We Killed is described as “a very oral history,” riffing on the nature of stand-up comedy and the way the book is constructed. What started as an article for Marie Clare became a book. Yael Kohen took interviews with comedians, club owners, writers, TV executives, actors, managers, etc. and stitched them together to give the history around people and TV shows a narrative shape and focus. Also, the We Killed is broken into sections that mark transitions in TV/stand-up/performative comedy. Kohen starts with the likes of Phyllis Diller and Joan Rivers. The first big transition shift was away from jokes to Lily Tomlin and her characters (with which I am not familiar). Then, Kohen covers TV performers like Mary Tyler Moore and Carol Burnett. Going back to stand-up and women no one knew what to do with, we hear about Whoopi Goldberg and Elayne Boosler.
Finally, I got to a time period I remember: Roseanne Barr, Ellen DeGeneres, and Paula Poundstone doing stand up! This was a time of joke telling, but soon transitioned to comedians telling stories about who they are as individuals with Janeane Garofalo at the helm. We Killed wraps up with “the girls’ club” at Saturday Night Live (Tina Fey, Amy Poehler, Maya Rudolph) and what Kohen suggests are the feminine/sexy comedians like Sarah Silverman and Chelsea Handler.
My first concerns was whether I would remember who’s who in each chapter. When a person is first introduced, he/she gets some brief credentials (a longer list of why the interviewee is important is contained at the front of the book). After, the person’s name alone is used. However, thanks to Kohen’s impressive weaving of interviews to create a narrative, I never felt confused. And with the exception of a few paragraphs Kohen writes to provide transitions, the whole book comes straight from interviews, giving it authenticity and an conversational style.
While the early names were somewhat lost on me (I conflated Phyllis Diller and Joan Rivers in my mind), Kohen made it easy to follow why each writer and performer was important in the context of the time period. If a comedian is still alive, I may place her one way now and see her in a new light after reading about her origins. Joan Rivers comes to mind, yelling at celebrities with her daughter on the red carpet, but was described as a trailblazer with improv roots in the 1960s. Lily Tomlin’s pivotal work I didn’t know about, but love her as the co-star of Grace and Frankie on Netflix.
And I learned about what it was like to be woman in a certain time period based on the treatment and desires of female comics on prime-time TV. Marlo Thomas, whom I know from St. Jude Children’s Research Hospital commercials (which her father founded), taught me about “a woman’s place” as a comedic actor on a TV show:
I could see very clearly that I didn’t want to be the wife of somebody, or the secretary of somebody, or the daughter of somebody. I wanted to carry the story as opposed to just being an appendage of the story, which is what women were on television.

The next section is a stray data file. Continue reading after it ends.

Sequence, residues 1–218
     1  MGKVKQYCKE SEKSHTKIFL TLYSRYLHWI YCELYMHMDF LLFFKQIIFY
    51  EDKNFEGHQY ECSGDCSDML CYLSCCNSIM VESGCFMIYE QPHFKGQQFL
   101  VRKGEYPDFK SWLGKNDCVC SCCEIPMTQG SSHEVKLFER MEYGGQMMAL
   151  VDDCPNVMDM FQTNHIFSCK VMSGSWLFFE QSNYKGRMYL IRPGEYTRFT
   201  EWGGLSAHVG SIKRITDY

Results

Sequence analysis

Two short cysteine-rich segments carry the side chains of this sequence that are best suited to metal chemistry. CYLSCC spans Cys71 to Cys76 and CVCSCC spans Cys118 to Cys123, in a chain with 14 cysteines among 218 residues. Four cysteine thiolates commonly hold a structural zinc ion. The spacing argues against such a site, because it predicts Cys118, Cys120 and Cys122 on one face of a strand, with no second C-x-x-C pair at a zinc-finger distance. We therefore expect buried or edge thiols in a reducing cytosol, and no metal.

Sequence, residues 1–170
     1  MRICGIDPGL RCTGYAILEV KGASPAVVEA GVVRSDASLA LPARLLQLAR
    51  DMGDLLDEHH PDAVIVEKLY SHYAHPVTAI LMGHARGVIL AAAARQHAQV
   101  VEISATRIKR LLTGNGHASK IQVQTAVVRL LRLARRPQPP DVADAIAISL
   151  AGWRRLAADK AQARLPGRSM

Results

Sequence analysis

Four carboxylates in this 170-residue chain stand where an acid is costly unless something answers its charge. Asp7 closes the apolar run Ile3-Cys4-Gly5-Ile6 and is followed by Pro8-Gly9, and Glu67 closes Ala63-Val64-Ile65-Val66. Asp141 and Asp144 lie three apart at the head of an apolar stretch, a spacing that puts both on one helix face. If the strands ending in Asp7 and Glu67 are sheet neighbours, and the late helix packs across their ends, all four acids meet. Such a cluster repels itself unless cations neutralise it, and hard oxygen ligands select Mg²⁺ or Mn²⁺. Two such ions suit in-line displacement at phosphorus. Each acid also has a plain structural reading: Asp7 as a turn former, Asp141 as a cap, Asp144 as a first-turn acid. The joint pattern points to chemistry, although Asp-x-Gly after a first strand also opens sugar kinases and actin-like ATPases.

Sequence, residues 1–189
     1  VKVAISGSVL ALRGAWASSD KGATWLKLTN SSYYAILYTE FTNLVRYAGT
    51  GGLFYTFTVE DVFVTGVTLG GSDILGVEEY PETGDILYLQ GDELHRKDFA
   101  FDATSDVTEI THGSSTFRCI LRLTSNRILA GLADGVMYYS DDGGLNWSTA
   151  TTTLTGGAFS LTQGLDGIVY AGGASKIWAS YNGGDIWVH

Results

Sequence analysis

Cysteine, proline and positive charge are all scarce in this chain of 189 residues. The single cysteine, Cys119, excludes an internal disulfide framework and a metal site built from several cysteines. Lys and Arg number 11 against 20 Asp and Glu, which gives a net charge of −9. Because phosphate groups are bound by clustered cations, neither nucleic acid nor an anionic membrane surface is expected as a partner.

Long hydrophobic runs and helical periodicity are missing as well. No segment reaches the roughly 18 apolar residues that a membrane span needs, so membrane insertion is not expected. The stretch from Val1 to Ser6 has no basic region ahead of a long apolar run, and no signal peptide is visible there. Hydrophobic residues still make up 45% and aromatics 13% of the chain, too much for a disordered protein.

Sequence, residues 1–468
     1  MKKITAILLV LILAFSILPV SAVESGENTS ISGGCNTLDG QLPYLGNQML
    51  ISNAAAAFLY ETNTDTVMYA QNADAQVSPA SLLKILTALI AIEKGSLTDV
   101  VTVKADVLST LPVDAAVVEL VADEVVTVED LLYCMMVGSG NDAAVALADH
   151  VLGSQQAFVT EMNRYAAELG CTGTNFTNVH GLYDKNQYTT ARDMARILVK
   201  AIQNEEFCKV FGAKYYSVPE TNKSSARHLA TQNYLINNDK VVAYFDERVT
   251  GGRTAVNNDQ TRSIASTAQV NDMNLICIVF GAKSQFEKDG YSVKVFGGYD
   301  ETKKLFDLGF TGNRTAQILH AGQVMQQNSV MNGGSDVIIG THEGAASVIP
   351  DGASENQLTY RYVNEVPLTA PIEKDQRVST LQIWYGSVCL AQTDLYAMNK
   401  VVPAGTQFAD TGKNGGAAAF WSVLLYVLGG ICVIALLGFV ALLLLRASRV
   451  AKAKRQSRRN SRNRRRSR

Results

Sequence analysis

Yael Kohen includes mini chapters titled “In the Spot” in which she looks at either a mover-shaker or small group. The one that made me furious was a look at the “boys’ club” days of Saturday Night Live, including John Belushi, Chevy Chase, and Dan Aykroyd. According to Anne Beatts, who was a writer for SNL from 1975-1980, Belushi constantly demanded the female employees be fired and refused to be in any sketches women wrote. Though I loved Chevy Chase in his family vacation films, I can’t stand him in any other movies. Always, Chase ends up with a naked woman (Caddyshack) or grabbing a female actor’s breast (Spies Like Us)– moments in the script that have zero logic to any female viewer and were obviously written by men to appease his desires.
At one point, Chase read a bit by SNL writer Cindy Caponera that got lots of laughs, which angered him. He told her, “Why don’t you give me a handjob.” Not a petulant response (in the tone of “why don’t you kiss my ass?!”), but a statement. Then, Chase refused to go on stage and do the bit. Kohen’s interviews confirm suspicions that I’ve had about a whole genre of male comedians from “classic” films I’ve hated, like Revenge of the Nerds and Animal House.
Another suspicion I’ve long held without evidence is that women make it hard for other women in comedy. One of the most important club owners on the west coast, Mitzi Shore (mother of Pauly Shore) played favorites. Sandra Bernhard, stand-up comedian and actor on Roseanne, remembers:
I don’t think Mitzi ever really liked a lot of women. She might have had a couple of favorites, but she liked to be like the queen bee. So there was always like a lot of young male comics who she liked and kind of took under her wing and had little flings with.
Lisa Lampanelli fails to surprise. She’s a walking example of “the cool girl.” The insult comic has always made me cringe, and in her own words she states that she won’t hang out with female comics other than Sarah Silverman and Kathy Griffin (and herself, she says) because they all “yap, yap, freakin’ yap” and whine and believe there are barriers for women in comedy. I appreciated that Kohen captured even the ugly parts of comedy because it made me more passionate about the history of women in comedy.
Published in 2012, Yael Kohen ends with comedians like Anjelah Johnson, Whitney Cummings, and Chelsea Handler, people Kohen asserts made sexy female comedians acceptable (in the past, women in comedy were more androgynous). I’d love a follow-up article in Marie Clare about comedians like Ali Wong, Katherine Ryan, Aparna Nancherla, Nicole Byer, Nikki Glaser, and Amy Schumer. A highly recommended read that I enjoyed each time I picked it up, like I stepped into some kind of reality TV confession room with a serious, not petty, focus.